MLB announces new rules for trade deadline, All-Star voting, Home Run Derby

Yahoo Sports Contributor
Yahoo Sports

Major League Baseball and the MLB Players Association have reached an agreement on several rules changes that will be implemented over the next two seasons, the two organizations announced Thursday.

A single trade deadline, an All-Star game election day and a $1 million Home Run Derby prize will be introduced in 2019. The 2020 season will then bring a new roster structure designed to give more players a chance to shine, while lessening wear and tear on others. The much-talked-about three-batter minimum? It’s not coming this year, but it could in 2020.

[Best bracket wins $1M: Enter our Best Bracket Millionaire contest for free now!]

Scroll to continue with content
Ad

As part of the agreement, MLB and the MLBPA will also begin discussions regarding the league’s growing labor issues, with an eye toward finding common ground ahead of the current collective bargaining agreement’s December 2021 expiration.

Those labor talks will hold the key to baseball’s long-term future, but it’s not something that will be negotiated overnight given the current cloudy labor climate.

In the short-term, the new rules give us something to digest right here and right now. So here’s a quick look at what each new rule will mean for MLB.

Single trade deadline

Gone are the days of August trades. The single trade deadline will fall on July 31, which has long been the usual non-waiver trade deadline. Also gone is all the confusion that often stemmed from the waiver trade rules.

Per the old rule, any trade after July 31 required players on the 40-man roster to clear trade waivers before they could be dealt. If a player didn’t clear waivers, his team had the option of keeping him or giving him and his remaining salary to the claiming team.

That’s a lot to keep track of. Or we should say, was a lot to keep track of.

All-Star election day

This one is cool because it provides a great opportunity for MLB to market its top stars. More importantly, it will afford MLB’s top stars an opportunity to market themselves and let fans in on their personalities.

As per usual, fans will be allowed to vote for the All-Star game starters online. The top three vote-getters will then be involved in a one-day election to determine who ultimately gets the honor. It’s a recipe for fun.

$1M Home Run Derby prize

MLB is hoping to bring more of its top talent into the annual Home Run Derby by raising the stakes. Starting in 2019, the prize for the content will be $1 million. While that’s not earth-shattering money for some players, it’s quite a bit for others, including people who could win it. Aaron Judge, for instance, will make $684,300 in 2019, so winning the derby is certainly in his best interest.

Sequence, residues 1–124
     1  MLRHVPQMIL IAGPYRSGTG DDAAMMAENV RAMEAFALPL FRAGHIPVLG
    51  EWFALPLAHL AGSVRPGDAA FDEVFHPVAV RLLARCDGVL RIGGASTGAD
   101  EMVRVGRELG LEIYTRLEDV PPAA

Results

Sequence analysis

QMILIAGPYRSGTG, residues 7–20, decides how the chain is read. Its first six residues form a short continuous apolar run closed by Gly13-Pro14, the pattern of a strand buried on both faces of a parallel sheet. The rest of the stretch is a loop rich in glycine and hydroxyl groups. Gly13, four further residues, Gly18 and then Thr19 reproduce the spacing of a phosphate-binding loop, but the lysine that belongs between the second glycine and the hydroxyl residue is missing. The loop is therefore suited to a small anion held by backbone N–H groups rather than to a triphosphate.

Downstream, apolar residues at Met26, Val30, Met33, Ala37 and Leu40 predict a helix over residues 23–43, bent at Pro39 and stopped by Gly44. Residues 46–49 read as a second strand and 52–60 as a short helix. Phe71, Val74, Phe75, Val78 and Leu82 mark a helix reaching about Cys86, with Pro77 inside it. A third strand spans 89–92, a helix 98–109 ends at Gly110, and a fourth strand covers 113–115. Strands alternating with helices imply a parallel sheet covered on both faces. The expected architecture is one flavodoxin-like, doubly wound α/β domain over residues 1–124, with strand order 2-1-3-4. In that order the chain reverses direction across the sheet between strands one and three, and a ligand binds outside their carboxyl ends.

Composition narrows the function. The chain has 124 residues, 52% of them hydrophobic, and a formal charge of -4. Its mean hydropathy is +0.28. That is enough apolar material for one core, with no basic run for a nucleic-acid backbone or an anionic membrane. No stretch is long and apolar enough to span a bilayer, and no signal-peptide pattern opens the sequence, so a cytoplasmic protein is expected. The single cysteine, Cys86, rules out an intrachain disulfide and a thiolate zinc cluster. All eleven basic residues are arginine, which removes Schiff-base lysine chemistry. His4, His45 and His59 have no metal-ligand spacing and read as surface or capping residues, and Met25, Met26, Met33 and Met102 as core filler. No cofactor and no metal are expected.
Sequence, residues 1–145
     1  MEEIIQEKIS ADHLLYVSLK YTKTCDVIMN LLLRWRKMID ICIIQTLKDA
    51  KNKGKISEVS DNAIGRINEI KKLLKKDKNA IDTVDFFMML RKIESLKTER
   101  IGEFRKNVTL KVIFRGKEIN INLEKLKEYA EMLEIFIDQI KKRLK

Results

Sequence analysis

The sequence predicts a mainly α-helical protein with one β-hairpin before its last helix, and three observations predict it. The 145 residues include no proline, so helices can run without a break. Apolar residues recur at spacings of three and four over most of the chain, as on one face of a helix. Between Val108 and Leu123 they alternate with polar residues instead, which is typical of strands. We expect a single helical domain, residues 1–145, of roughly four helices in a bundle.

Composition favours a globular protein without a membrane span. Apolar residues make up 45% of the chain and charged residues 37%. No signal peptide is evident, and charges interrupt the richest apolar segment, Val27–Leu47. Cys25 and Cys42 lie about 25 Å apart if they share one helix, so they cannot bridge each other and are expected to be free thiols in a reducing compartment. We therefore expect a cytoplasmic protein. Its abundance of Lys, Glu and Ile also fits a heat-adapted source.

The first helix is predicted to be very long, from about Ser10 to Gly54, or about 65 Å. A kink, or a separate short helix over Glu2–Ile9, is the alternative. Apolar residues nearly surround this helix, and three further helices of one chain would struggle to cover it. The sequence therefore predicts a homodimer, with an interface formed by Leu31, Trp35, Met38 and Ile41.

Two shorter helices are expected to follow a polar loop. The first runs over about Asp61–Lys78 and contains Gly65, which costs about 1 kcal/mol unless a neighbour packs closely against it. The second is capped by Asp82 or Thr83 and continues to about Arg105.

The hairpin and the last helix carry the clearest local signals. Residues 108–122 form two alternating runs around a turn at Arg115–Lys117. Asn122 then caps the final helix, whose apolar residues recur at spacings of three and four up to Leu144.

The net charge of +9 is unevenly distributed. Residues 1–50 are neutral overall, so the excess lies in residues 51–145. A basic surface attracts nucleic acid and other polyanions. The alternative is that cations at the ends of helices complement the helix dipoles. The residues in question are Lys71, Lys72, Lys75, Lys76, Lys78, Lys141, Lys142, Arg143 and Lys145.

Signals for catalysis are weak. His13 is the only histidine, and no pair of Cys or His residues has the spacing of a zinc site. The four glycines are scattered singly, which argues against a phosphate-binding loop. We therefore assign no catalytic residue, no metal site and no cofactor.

Major League Baseball and the MLB Player’s Association announce rules changes for the 2019 and 2020 seasons. (AP)
Major League Baseball and the MLB Player’s Association announce rules changes for the 2019 and 2020 seasons. (AP)

Roster expansion

We’ll see this one in 2020. Per the agreement, rosters will expand from 25 to 26 players, with a maximum of 13 pitchers allowed, from opening day until Sept. 1. From that point on, rosters can expand to 28 players and 14 pitchers. That might be the more notable change since teams could previously use up to 40 players in a given September game.

Three-batter minimum coming in 2020

We’ve heard a lot about a proposed three-batter minimum for relief pitchers, but that won’t happen in 2019. It will in 2020, though, the league says. The MLBPA didn’t agree to the rule change, via reports, but the Commissioner’s Office can implement it anyway next year. The joint announcement only says the MLBPA “will not grieve or otherwise challenge” the rule change in 2020.

Pace-of-Play

The pace-of-play tweaks are huge this year, but they’re worth noting: Between inning breaks will decrease from 2:05 to 2:00 for local games and 2:25 to 2:00 in national games. The mound-visit limit, a somewhat controversial addition last year, will be reduced from six to five after a season where the new rule didn’t prove to be much of an issue.

Hello, 15-day Injured List

This one will take some getting used to, at least verbally. The “Disabled List” is gone, as was reported a while back. In its place is the “Injured List.” And the other change there in 2020 is that it will be a 15-day injured list and not a 10-day injured list. This is effectively changing it back to the way it was up until two years ago.

More from Yahoo Sports:

What to Read Next